"We wanted to provide a home for that true entrepreneur, scientific founder, or first-time CEO."
How can friction in the early-stage ecosystem be lessened so that the right deals happen more easily?
Historically, you had about a dozen very well-known VCs who were almost exclusively doing series A company creation. When these VCs close a fund, they are not starting 50 companies. Even if they have a billion-dollar fund, they are trying to put US$100 million into 10 companies. Therefore, while we have seen an infusion of new capital come into the space, it has not necessarily resulted in the same proportion of new companies. This means that entrepreneurs have not had many funding options if they do not “win the lottery” by being picked by one of those VCs. In fact, the cards might even be stacked against them, because they are not going to want to take a US$100 million series A round, if it means dilution for them. For that reason, many of them have eschewed the company creation model, and they want to find a different course. The friction is that if you are not interested in these big series A rounds, and you are not picked by one of the large VCs, then where do you go? That is why I started Xontogeny‑ to have a founder friendly, supportive option. It allows me to advise, mentor and coach along with the team we have here. We wanted to provide a home for that true entrepreneur, scientific founder, or first-time CEO. There are a plethora of cool technologies out there, and the funding of these companies should not be dominated solely by billion-dollar VC funds.
What do you see as the principal advantage of accelerators, and what is Xontogeny able to offer that others are not?
It is important to distinguish between incubators and accelerators. Most biotech incubators are doing drug discovery research, and often they have a thesis that they have not yet proven, or they have not filed intellectual property. However, they are hoping that if they work on incubating a new idea or new technology this will lead to a patent that they can file. That is the starting point of the potential to create a company that gets funding.
For the most part, the bulk of researchers or companies that populate incubators are very early stage. They often have not achieved preclinical proof-of-concept, and many of them will struggle to raise enough capital to take things very far. You see some incubators that are attached to university systems, but they are separate, because you have companies or researchers that do not want to be encumbered by research done at the university. We see the advent of the large lab space business model, which may be called incubators, and some examples include J&J’s J-Labs, Alexandria’s LaunchLabs and LabCentral’s BioLabs, to name a few.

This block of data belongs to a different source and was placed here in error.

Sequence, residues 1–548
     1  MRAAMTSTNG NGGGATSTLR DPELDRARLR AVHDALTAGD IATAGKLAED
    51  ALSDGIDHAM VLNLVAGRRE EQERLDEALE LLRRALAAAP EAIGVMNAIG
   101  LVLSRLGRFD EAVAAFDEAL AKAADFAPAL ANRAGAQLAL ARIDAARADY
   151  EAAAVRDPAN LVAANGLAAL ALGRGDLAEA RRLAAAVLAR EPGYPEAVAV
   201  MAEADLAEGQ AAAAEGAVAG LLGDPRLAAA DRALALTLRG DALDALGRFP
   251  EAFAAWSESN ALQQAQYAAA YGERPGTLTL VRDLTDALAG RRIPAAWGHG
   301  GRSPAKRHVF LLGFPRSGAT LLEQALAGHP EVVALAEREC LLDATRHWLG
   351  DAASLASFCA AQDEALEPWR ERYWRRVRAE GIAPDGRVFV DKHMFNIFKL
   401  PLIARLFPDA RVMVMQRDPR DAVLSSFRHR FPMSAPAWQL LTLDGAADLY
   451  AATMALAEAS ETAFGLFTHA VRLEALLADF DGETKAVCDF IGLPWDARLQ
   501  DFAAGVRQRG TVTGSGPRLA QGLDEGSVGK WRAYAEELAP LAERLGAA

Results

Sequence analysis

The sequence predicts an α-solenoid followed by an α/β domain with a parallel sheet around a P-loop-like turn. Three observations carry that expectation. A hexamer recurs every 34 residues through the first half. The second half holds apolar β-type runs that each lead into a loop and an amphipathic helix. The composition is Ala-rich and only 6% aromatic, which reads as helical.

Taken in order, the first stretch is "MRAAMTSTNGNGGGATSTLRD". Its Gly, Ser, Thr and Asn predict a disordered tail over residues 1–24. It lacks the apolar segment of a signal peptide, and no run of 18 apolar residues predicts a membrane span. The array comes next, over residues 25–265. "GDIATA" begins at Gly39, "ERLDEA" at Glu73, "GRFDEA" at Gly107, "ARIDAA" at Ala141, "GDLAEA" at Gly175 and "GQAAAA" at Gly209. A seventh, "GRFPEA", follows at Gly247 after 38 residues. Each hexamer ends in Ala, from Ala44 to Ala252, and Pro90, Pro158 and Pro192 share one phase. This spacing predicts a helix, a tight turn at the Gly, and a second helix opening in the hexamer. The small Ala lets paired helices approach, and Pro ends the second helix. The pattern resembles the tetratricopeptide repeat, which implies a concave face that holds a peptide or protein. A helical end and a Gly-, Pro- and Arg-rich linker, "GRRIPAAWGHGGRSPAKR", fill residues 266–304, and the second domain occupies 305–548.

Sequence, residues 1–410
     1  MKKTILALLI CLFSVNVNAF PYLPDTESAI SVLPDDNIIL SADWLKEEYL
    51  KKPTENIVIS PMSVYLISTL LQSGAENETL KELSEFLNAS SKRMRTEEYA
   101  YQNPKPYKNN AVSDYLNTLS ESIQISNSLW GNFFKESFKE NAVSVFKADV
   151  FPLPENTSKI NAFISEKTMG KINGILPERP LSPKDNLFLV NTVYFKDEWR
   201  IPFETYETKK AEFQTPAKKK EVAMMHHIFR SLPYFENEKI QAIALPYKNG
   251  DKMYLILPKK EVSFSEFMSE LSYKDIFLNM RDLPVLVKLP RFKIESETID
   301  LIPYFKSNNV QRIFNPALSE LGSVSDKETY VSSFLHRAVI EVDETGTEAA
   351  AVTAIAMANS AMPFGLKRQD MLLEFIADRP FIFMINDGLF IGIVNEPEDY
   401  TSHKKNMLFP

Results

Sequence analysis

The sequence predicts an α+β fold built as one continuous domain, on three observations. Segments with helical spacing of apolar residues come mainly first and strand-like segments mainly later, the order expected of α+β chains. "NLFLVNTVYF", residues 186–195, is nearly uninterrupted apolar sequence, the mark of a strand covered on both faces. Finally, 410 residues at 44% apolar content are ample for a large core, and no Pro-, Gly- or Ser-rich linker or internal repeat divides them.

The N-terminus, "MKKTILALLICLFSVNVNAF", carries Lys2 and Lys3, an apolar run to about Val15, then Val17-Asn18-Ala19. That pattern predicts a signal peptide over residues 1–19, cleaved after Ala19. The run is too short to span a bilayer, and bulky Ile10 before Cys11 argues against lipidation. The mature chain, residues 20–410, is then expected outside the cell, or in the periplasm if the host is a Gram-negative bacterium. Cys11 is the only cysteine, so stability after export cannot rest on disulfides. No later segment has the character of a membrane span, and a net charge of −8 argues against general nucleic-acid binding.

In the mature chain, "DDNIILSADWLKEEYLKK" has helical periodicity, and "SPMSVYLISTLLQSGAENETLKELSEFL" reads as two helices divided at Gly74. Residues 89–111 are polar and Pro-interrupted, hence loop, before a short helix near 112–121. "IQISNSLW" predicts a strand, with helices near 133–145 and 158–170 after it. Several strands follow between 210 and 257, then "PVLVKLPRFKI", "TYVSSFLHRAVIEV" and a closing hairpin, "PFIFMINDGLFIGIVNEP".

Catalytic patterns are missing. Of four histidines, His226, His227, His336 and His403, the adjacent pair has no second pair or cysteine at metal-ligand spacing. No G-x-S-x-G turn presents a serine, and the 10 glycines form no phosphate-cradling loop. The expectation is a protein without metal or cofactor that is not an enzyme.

Accelerators differ from incubators in that they are taking those technologies and surrounding early research with the right support. That might be virtual support, it might be active management support, but accelerators are taking those promising technologies and turning them into viable development programs and potentially investable companies. At Xontogeny, we often are the first seed or founding capital into these companies that might have previously subsisted on grant money or their own personal investment. We describe ourselves more broadly as an accelerator, because we are taking companies and trying to accelerate them into development and allow them to get the chance to be invested in with a healthy, series A. That is where the Perceptive Xontogeny Venture Fund comes in. The valley of death is where companies often get stuck between US$500,000 to US$3 million seed capital. Usually, it is because a company does not have a compelling enough story, or it is not de-risked enough with pre-clinical proof-of-concept data to invite a venture firm. What is needed to bridge that valley of death usually requires at least US$10 million to get into the clinic and/or through an initial clinical study.
What makes a compelling investment target for Xontogeny?
Xontogeny is very focused on the lead asset that is closest to clinical development. Specifically, we are focused on advancing the lead candidate through preclinical stage, de-risking to get through some good translational work, adopting the right regulatory strategy, getting as quickly as we can into dose safety studies and possibly through a clinical proof-of-concept study with a healthy Series A financing. We focus on the lead asset and how robust the data it generated is in determining if it passes through our diligence process.